sleep apnea1 Sleep apnea is a common and potentially deadly sleep disorder in which your breathing may stop for 10 seconds or more multiple times per hour.

Types of Sleep Apnea

There are two primary forms of sleep apnea:
– Obstructive sleep apnea
– Central sleep apnea

Obstructive sleep apnea is the result of an airway obstruction that is typically caused by overly relaxed muscles in the throat. When these muscles relax, tissue in the throat can collapse, narrowing the airway and preventing adequate oxygen intake.

Central sleep apnea is less common and occurs when your brain and the muscles involved in breathing do not properly relay signals. Some patients suffer from a combination of both obstructive and central sleep apnea.

Dangers of Sleep Apnea

In either form, sleep apnea can contribute to daytime drowsiness, difficulty focusing, morning headaches, depression and short-term memory problems.

Sleep apnea can also increase your risk for a number of potentially fatal medical problems. Sleep apnea–particularly obstructive sleep apnea–has been linked to a heightened risk for heart disease, heart attack, hypertension, stroke and diabetes.

Sleep Apnea Symptoms and Treatment

Snoring is the most familiar symptom of sleep apnea, although most people who suffer from sleep apnea experience multiple symptoms that may also include:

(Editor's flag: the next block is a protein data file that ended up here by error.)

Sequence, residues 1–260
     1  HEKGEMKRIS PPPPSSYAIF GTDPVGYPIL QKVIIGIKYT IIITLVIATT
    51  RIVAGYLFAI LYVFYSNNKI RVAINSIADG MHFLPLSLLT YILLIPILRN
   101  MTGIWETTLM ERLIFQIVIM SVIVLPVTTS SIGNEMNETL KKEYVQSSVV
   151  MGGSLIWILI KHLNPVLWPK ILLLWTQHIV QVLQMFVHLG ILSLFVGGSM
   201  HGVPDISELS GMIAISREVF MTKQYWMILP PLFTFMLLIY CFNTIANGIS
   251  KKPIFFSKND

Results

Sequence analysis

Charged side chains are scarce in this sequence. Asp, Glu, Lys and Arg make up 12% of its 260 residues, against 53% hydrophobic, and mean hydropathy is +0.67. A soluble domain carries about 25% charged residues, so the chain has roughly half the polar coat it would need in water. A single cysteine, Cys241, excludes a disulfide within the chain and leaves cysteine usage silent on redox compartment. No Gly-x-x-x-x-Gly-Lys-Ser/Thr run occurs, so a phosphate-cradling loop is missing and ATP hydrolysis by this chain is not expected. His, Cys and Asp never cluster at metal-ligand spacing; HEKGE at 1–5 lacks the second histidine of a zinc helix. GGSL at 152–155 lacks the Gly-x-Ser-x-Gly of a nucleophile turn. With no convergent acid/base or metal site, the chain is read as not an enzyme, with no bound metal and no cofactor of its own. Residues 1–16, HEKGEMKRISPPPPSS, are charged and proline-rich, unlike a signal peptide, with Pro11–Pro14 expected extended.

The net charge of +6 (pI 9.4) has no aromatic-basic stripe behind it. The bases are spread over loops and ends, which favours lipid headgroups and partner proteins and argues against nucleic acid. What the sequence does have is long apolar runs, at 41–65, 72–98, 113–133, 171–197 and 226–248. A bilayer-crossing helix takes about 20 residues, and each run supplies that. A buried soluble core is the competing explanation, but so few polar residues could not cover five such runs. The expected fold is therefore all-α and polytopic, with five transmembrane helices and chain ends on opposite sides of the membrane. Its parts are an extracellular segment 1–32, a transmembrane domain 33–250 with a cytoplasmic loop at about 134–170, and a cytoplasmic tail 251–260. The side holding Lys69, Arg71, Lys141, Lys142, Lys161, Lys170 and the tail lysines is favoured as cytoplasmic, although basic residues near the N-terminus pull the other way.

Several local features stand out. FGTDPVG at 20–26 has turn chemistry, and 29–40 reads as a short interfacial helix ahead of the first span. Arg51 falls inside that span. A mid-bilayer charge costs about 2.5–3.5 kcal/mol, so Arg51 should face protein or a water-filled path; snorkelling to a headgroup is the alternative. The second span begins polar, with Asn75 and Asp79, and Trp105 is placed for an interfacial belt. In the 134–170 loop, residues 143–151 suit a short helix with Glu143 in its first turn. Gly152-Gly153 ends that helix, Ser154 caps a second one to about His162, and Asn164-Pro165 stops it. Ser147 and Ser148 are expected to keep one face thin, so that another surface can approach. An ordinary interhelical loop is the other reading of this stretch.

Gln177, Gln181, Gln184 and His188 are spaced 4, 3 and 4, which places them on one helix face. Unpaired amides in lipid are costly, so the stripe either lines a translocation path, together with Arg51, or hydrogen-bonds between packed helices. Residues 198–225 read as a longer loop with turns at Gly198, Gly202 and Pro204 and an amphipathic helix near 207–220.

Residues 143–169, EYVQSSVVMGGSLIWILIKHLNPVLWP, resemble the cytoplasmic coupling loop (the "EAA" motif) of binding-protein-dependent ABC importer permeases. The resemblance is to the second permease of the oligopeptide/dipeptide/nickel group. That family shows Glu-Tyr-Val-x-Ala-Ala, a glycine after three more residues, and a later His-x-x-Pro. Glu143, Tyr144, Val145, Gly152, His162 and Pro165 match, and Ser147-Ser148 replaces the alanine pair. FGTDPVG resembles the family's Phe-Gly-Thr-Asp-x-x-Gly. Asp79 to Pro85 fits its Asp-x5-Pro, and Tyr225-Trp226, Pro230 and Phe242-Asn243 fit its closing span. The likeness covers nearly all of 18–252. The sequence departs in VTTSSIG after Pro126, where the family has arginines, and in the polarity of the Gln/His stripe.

– Dry mouth or sore throat in the morning
– Difficulty sleeping through the night
– Restlessness/tossing and turning during sleep
– Daytime fatigue
– Mood swings
– Waking up from sleep choking or gasping
– Decreased sex drive

Fortunately, there are a number of sleep apnea treatment options available. Continuous positive airway pressure (CPAP) devices have long been the standard for sleep apnea treatment, and they consist of a mask sleep apnea patients wear during sleep and through which airflow is maintained via an external circulator.

While CPAP can be effective, many patients find the masks uncomfortable and discontinue the use of CPAP. Custom-made dental appliances are an increasingly popular and effective alternative to CPAP.

Similar to sports mouthguards, sleep apnea appliances are customized to your unique bite and are designed to keep your jaw properly aligned and your airway open as you sleep. A dentist qualified in sleep apnea diagnosis and treatment can help you determine if you have sleep apnea and whether a dental appliance is the best treatment choice for you.

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